Monday, March 21, 2016


Dear Persons,

We only have so much energy in life. In my last post, THE FULL BUCKET, I wrote about what happens when that energy is all used up. Choosing your battles is one way to ensure you avoid getting so drained that you are no longer able to function well...

This year, I will give two simple examples from the Full Spectrums: Armpits versus Teeth, and Grades versus Manners.

Choosing your battles doesn’t mean you abdicate any discussion of or efforts toward other areas of life – it just means you reserve your mightiest strength for those areas that seem most deeply important for yourself and/or your loved ones.

Here are two choices I’ve made for us:

Middle schoolers stink. Even with deodorant. Especially if you start with the crunchy granola natural stuff. We are on the Old Spice Ultra-Chem Turbo Level by this point but it only gets applied, shall we say, intermittently. You see, my G has very, very little interest in hygiene. So if I want to be sure he is doing something hygiene-related, I have to supervise.

I stopped brushing teeth with G about a year ago, trusting that he would take responsibility for this important matter. We found out the hard way last fall – when he had to go under general anesthesia to have a tooth pulled --  that he was not ready to brush his teeth alone. Now we brush our teeth together again, with him leading. Ten brushes in each spot. This is non-negotiable.

Sure, I ask G to put on deodorant and ask him if he has done so...but with my limited time and energy, sometimes deodorant doesn’t happen. Tooth brushing does.


How many talks do your children really want to listen to? Z is one of those people who is able to excel at anything she cares to excel in...So her consistently getting all threes (“meets grade level expectations”) on her report card is...unexpected. Sure, I’ve talked with her about this – quite a bit.

But I reserve my most heated, heartfelt talks for the area of what I call “real manners” (i.e. the manners that are about kindness and respect, not the right fork). Because Z has grappled with an attachment disorder since she came home, she’s always had issues with feeling she doesn’t have enough, and with control. These factors come into play frequently when it comes to sharing and treating others with basic respect.

I know Z is a tough cookie who will always make her way successfully in the world, so I don’t lecture too, too much on grades and hard work. But for her to feel good inside -- and for others to feel comfortable around her -- she needs to learn to act with “real manners” in heart and mind. This, like tooth brushing, is non-negotiable, so I save my heartiest lectures for this subject.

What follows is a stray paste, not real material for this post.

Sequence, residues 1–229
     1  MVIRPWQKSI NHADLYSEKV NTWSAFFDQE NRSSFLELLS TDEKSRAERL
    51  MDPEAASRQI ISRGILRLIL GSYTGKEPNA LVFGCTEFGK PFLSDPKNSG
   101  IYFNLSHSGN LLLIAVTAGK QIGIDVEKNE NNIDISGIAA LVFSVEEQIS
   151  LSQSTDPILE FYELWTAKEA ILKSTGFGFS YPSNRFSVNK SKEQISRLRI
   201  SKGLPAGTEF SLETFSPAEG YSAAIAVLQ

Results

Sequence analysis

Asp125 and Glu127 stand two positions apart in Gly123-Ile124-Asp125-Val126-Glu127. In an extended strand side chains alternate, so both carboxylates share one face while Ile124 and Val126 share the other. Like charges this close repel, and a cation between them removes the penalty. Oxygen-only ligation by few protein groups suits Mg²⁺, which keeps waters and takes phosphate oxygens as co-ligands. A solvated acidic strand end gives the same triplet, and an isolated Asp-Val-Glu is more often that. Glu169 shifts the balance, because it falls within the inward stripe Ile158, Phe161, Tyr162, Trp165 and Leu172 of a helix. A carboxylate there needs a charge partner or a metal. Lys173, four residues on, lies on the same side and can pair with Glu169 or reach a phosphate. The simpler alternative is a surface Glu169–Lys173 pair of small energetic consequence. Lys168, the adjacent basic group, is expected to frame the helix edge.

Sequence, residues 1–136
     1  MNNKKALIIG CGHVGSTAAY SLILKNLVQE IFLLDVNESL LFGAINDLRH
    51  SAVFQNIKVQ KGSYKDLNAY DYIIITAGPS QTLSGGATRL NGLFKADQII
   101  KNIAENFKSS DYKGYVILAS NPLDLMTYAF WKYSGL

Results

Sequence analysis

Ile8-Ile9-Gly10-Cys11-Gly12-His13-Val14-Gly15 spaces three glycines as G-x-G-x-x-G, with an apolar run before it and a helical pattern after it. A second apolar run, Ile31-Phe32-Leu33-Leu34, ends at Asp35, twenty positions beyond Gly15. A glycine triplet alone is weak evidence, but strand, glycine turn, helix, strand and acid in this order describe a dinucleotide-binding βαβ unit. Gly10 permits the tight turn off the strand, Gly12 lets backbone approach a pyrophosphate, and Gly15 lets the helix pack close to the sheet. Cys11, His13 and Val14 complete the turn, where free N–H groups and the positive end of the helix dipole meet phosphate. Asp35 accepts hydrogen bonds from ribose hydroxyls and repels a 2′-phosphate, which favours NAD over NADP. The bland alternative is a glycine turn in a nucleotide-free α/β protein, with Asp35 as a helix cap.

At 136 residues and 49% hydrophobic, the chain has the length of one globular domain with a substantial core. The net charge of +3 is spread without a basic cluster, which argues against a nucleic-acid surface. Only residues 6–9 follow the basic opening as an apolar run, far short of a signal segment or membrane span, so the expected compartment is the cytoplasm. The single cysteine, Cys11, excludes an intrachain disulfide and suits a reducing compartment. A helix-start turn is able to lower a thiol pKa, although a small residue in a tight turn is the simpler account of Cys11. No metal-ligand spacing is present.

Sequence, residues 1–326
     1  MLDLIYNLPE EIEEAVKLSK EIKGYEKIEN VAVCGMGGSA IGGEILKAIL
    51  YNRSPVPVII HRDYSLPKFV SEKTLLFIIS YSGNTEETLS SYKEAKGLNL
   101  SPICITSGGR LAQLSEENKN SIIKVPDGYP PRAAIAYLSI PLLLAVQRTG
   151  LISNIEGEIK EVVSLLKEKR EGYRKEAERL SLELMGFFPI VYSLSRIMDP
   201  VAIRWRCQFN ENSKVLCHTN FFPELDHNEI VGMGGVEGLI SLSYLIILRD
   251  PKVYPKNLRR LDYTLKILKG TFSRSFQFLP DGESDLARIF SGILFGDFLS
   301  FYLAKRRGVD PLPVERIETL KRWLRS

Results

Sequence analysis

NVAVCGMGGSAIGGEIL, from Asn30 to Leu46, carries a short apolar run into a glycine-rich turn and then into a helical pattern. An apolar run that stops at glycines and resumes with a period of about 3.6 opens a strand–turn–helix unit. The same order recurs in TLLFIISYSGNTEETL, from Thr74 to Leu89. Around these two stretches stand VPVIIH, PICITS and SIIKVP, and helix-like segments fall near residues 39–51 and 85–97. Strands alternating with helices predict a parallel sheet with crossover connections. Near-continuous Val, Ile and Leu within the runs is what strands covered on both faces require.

Because I am not at her all the time about certain other stuff (grades, etc.), we are both able to be more fully present in this important, healing arena.

We are all works in progress. It matters that we take a little time to see where our efforts can be most effective – and to ponder what we most value.  This can vary, of course -- the key is to take a step back and determine which battle you will choose.

The next and final anniversary post will be the most popular, putrid  post of the year: THE COMPLAINT DEPARTMENT!!! We at FSM are a leetle behind this year on account of because life, so there’s still time to get your COMPLAINTS in!

Thanks and love,
Full Spectrum Mama


  1. This is a great reminder. I love the distinction of "real manners" vs. manners (is it time for me to let the chewing with the mouth open go?) and also the idea that by choosing our battles, we are able to be more fully present for the other stuff. Thank you.

    1. AAAAAAARGH. the chewing with mouth open. Not sure i am quite ready to let that one go...though it IS looming in that let-go area!
      Thanks and love,

  2. Thoughtful post. And I look forward to reading your post about John's new book/treatment. I too had reservations so I asked him about it. He answered that it was not a cure but a treatment for some challenges he faces. Also, "Don't we all want to be the best we can be?"
    My feelings about the issue are still complicated, especially since I don't feel comfortable with the lean of some of the sources that have done articles on his book (like the headline on WBZ that called it an "Emotional Awakening from Asperger's"). I haven't finished the book so I am not done mulling it all.

      I totally respect his decision. Obvi so do you. And yet, and yet...
      Also, another point of agreement is the media coverage...some of it at least: ARGH.
      Guilty admission: I am afraid to read it. Trigger-y, too close to home, and all that...I WILL!
      Thanks and love - you are so thoughtful and wise!


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